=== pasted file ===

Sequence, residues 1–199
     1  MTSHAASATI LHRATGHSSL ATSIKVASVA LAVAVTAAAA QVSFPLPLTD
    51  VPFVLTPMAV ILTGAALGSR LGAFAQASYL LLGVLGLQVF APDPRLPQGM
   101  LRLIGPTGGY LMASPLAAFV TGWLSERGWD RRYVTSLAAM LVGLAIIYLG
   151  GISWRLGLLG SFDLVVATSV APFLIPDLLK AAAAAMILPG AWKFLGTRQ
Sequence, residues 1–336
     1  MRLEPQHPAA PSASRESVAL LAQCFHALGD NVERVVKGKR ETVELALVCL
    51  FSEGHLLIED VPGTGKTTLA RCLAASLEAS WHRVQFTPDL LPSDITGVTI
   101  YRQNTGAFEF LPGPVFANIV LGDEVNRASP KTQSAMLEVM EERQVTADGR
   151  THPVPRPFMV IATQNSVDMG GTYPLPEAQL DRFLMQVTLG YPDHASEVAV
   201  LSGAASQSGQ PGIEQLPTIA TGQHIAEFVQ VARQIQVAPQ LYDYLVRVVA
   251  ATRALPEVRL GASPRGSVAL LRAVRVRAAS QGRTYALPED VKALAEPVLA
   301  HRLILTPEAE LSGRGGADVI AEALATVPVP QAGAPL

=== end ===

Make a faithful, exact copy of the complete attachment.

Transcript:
Sequence, residues 1–199
     1  MTSHAASATI LHRATGHSSL ATSIKVASVA LAVAVTAAAA QVSFPLPLTD
    51  VPFVLTPMAV ILTGAALGSR LGAFAQASYL LLGVLGLQVF APDPRLPQGM
   101  LRLIGPTGGY LMASPLAAFV TGWLSERGWD RRYVTSLAAM LVGLAIIYLG
   151  GISWRLGLLG SFDLVVATSV APFLIPDLLK AAAAAMILPG AWKFLGTRQ
Sequence, residues 1–336
     1  MRLEPQHPAA PSASRESVAL LAQCFHALGD NVERVVKGKR ETVELALVCL
    51  FSEGHLLIED VPGTGKTTLA RCLAASLEAS WHRVQFTPDL LPSDITGVTI
   101  YRQNTGAFEF LPGPVFANIV LGDEVNRASP KTQSAMLEVM EERQVTADGR
   151  THPVPRPFMV IATQNSVDMG GTYPLPEAQL DRFLMQVTLG YPDHASEVAV
   201  LSGAASQSGQ PGIEQLPTIA TGQHIAEFVQ VARQIQVAPQ LYDYLVRVVA
   251  ATRALPEVRL GASPRGSVAL LRAVRVRAAS QGRTYALPED VKALAEPVLA
   301  HRLILTPEAE LSGRGGADVI AEALATVPVP QAGAPL